Covid-19 for Christmas
For the first time in years, I wasn’t drunk on New Year’s Eve. Instead, I was in bed with a fever, reading Calvin and Hobbes. I’ve got covid-19. Again. Perhaps it’s not that strange. I work in a bar with an international clientele, so you could compare it to spending your days in a busy airport lounge. It’s a viral Mecca. When the pandemic first started two years ago, I got sick too. It was before vaccinations and before anyone knew what we were dealing with. People had just started dying. I wasn’t a little bit sick but spent five weeks in bed with pneumonia. This time my symptoms have been mild which I thank the vaccine for. I lost my sense of smell and taste. As my friend who also has covid put it, she was happy she could eat healthy brussel sprouts for Christmas without tasting them.
The statistics for type 1 diabetes and the outcome of covid-19 are not that great. People with both types of diabetes are far more likely to die from covid, as elevated blood sugars can impair immune function. What I found interesting is that both times that I’ve had covid, my blood sugars have stayed within range most of the time.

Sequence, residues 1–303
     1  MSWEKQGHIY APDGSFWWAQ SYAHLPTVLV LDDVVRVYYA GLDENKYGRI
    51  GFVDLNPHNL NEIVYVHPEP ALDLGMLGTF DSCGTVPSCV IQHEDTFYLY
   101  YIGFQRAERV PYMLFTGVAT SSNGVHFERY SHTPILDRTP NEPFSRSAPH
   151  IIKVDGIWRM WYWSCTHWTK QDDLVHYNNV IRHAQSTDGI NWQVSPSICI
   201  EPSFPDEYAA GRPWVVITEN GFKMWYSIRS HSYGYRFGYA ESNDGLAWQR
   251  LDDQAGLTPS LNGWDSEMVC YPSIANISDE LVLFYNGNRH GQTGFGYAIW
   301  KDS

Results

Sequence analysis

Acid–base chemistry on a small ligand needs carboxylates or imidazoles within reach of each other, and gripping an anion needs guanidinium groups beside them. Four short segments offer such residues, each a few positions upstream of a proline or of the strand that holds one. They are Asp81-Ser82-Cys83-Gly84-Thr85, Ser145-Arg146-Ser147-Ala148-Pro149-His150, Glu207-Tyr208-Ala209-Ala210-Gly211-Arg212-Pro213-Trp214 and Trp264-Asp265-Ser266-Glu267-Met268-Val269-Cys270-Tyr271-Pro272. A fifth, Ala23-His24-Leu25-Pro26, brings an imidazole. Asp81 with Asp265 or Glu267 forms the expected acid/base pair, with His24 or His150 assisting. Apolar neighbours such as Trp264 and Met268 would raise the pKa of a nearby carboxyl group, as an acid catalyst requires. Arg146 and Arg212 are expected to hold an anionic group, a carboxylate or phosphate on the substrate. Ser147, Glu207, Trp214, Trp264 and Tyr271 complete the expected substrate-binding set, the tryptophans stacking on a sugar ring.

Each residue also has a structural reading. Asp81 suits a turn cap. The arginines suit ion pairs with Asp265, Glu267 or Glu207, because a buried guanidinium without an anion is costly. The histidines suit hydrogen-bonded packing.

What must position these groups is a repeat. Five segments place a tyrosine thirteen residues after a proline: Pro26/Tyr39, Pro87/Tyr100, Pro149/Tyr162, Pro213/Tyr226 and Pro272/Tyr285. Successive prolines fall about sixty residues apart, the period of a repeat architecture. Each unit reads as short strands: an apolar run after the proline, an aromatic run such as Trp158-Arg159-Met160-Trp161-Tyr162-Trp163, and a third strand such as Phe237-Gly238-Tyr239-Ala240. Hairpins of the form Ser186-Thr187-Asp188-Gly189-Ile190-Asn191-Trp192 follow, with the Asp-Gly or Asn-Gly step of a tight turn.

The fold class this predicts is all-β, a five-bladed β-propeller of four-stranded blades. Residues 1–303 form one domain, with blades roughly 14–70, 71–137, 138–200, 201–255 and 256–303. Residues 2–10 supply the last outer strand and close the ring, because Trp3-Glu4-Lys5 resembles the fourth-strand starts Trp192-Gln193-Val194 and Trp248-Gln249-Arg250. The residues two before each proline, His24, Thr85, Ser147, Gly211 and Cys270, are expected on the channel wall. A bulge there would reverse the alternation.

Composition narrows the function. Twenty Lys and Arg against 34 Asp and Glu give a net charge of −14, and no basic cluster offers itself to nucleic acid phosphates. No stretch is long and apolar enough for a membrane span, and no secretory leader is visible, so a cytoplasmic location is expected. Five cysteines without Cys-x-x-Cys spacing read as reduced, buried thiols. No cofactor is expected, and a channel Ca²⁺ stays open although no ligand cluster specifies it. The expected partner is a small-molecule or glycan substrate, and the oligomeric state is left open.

With a normal cold, I always know that I’m about to get sick a day or two before symptoms occur because my blood sugar goes haywire. Typically, I’ll wake up in the double digits and then spend the next few days injecting insulin like it’s water trying to take some sort of control back as my nose clogs up. My covid blood sugars have remained normal during the incubation period as well as during the early illness. Only this morning, when I’d already been sick for a week, did I see a random spike, and apart from that, I haven’t injected any extra insulin.
I’m grateful because getting sick with diabetes is a little bit extra bad. You’re left to fight high blood sugars in addition to the illness itself. And it’s a vicious feedback loop – the fact that you’re sick leads to a release of stress hormones that drive up blood sugar, and the high sugar levels make it more difficult for the immune system to fend off the illness. I also feel lucky because so many diabetics have struggled with the complications of covid, and I got away lightly this time. If there’s any time you really benefit from following a low-carb diet that promotes normal blood sugars, it’s when you’re sick. Ironically, this is also the time when you’d love to carb-binge on toast, crumpets, and tea with honey. A plate of bacon and eggs just doesn’t have the same ring to it.